Tech Tips

How to Boost Your Phone's Battery Life and Lifespan

11 tips to improve battery life

11 Tips to Improve Your Phone’s Battery Life

These days, mobile devices are fitted with the craziest hardware, OS, and applications that even the mind finds it difficult to comprehend. However, for you to enjoy every functionality that comes with your smartphone, you need power. The battery on the latest smartphone is supposed to give you more on-screen time, but this has not always been the case. Processors now handle more tasks, and screens are larger than they used to be. Although chip-makers and some software developers claim to optimize their products to help extend your battery life, you still use your phone more than you used to, and your battery drains at a faster rate.

It looks like there is nothing you can do that would make your battery last longer, but here are 11 quick tips to improve your battery life and ultimately your battery lifespan.

First, you should know the difference between battery life and battery lifespan. Your phone’s battery life is the number of hours or days it lasts on a single charge while the battery lifespan is the number of months or years before the battery will need to be replaced.

11. Know why your Battery drains so fast.

This has to be the most important point in all the fifteen tips you will learn today. Just like every problem, you need to know the cause before you can find a solution for it. But what if your smartphone does your battery doesn't drain fast but charges slowly? You can read here for reasons why that happens.

NOTE: Not to bore you with technical jargon, your battery degrades after every charge cycle. One charge cycle is a complete discharge and charge, from 0% to 100% of your battery. Also, charging from 10% to 60% is half a charge cycle, a fraction of a complete charge cycle. According to battery manufacturers, after about 400 charge cycles, your phone’s battery capacity is supposed to reduce by 20%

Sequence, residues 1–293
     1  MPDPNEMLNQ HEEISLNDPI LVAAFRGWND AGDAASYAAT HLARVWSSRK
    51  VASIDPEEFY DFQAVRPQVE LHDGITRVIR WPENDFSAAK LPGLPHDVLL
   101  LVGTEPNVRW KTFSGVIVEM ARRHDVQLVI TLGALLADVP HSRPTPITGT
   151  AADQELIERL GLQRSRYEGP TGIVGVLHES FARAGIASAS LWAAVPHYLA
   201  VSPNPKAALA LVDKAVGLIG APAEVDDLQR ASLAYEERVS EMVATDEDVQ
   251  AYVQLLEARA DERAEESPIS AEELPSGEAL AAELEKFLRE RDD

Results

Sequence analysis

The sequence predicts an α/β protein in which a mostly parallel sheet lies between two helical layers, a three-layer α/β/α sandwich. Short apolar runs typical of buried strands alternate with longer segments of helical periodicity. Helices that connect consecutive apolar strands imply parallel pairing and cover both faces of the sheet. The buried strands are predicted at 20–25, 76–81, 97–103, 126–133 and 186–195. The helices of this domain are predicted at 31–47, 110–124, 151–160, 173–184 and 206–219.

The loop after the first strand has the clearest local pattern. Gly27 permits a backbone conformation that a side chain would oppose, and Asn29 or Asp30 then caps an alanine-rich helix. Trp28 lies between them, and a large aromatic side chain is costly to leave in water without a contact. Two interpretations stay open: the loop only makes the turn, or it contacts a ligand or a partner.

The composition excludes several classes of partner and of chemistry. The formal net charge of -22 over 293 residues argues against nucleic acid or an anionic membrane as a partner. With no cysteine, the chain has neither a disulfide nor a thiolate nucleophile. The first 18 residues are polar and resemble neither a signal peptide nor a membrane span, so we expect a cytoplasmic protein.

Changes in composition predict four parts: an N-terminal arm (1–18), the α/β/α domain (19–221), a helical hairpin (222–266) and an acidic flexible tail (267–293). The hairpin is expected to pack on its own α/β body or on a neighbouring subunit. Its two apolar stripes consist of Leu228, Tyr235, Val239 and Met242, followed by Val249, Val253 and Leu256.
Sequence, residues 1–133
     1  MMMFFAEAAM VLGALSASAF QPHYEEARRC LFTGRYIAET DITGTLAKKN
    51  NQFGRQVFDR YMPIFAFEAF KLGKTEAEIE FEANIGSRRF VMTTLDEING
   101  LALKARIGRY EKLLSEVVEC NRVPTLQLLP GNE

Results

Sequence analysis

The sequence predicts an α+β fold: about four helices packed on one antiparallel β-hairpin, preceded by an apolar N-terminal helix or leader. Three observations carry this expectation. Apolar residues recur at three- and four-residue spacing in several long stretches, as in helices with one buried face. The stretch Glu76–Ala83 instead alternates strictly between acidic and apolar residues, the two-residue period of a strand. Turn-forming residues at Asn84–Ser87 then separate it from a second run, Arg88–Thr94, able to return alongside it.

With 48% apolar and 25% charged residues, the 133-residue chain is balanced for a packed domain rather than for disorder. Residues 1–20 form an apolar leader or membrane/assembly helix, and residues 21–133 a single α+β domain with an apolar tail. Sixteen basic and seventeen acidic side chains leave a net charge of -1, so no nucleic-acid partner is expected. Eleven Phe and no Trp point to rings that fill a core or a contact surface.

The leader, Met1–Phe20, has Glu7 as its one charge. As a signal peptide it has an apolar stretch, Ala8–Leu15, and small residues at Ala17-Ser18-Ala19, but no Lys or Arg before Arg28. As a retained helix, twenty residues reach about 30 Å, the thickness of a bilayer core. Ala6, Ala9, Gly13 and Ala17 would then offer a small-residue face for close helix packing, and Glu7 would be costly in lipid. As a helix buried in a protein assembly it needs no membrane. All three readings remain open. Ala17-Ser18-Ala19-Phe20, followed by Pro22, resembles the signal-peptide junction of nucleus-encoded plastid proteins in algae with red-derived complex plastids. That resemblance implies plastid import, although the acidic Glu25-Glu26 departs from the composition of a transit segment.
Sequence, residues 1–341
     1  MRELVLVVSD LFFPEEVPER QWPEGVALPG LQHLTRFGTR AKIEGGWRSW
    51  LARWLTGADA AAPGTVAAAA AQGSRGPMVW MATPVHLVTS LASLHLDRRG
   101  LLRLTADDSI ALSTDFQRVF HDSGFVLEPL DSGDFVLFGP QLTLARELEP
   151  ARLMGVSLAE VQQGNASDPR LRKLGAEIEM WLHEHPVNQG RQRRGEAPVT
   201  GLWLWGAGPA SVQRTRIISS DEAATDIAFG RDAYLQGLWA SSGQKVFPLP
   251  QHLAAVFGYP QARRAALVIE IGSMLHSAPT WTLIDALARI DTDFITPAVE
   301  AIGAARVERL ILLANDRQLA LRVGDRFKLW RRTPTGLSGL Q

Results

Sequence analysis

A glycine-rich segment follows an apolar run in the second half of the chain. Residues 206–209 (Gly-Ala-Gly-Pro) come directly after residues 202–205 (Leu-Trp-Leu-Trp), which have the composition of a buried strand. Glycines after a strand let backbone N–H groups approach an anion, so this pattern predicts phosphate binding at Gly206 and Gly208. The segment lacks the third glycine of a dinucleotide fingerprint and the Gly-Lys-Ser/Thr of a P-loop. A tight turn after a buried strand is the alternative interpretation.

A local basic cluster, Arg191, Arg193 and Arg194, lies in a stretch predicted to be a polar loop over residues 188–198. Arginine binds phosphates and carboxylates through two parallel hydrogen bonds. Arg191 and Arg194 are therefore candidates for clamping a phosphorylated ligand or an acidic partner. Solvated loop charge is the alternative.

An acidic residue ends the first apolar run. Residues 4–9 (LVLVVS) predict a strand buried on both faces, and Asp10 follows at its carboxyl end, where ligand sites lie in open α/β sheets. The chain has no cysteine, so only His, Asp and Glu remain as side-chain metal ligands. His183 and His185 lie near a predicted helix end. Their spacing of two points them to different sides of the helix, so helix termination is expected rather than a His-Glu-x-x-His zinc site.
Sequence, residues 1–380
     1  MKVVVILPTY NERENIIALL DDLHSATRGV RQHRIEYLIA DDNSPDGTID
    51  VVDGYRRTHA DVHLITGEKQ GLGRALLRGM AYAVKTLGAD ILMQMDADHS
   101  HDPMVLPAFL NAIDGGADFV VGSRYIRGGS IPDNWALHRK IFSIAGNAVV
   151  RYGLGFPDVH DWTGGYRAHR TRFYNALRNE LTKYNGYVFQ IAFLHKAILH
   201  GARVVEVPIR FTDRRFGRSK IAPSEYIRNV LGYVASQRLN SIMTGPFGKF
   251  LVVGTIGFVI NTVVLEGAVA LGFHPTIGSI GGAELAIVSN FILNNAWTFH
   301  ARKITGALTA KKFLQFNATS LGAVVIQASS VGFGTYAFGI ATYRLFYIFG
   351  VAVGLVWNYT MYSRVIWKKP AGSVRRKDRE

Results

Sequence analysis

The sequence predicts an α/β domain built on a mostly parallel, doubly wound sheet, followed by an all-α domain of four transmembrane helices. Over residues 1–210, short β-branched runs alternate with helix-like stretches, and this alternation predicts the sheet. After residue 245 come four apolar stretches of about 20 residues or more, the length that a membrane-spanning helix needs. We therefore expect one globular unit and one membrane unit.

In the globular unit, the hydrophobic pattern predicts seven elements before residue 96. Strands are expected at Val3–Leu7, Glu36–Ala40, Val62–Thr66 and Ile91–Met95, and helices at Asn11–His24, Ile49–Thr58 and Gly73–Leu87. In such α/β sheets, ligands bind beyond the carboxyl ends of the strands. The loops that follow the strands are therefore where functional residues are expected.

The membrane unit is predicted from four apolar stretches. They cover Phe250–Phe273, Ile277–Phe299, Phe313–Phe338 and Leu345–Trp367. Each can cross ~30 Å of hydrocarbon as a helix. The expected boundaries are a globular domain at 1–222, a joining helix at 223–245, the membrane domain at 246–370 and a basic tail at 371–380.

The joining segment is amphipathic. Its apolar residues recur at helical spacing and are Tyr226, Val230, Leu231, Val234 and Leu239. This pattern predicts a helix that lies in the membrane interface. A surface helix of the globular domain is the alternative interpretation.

To find out why your phone keeps losing power, go to Settings>Battery. You’ll have a list of apps that are consuming your battery power abnormally, as well as the ones draining power in the background. Next, tap the three dots at the top right corner of your screen to view your detailed Battery Usage. It would present you with a graph on how you’ve depleted your battery and how much time you have left based on your current usage pattern.

10. Disable Apps running in the background.

You do not need every app on your phone to run for as long as your device is powered on. However, most apps are active even after you quit them. In your “Battery Settings” section, check for apps that are consuming an abnormal amount of power. You can either restrict their permissions, disable such apps, or delete them permanently. You can also opt to force-close any app taking too much power. You should, however, note that force-closing an app that you will launch a few minutes later will do more harm than good. It takes more power to relaunch an app than it saves when you stop it from running in the background.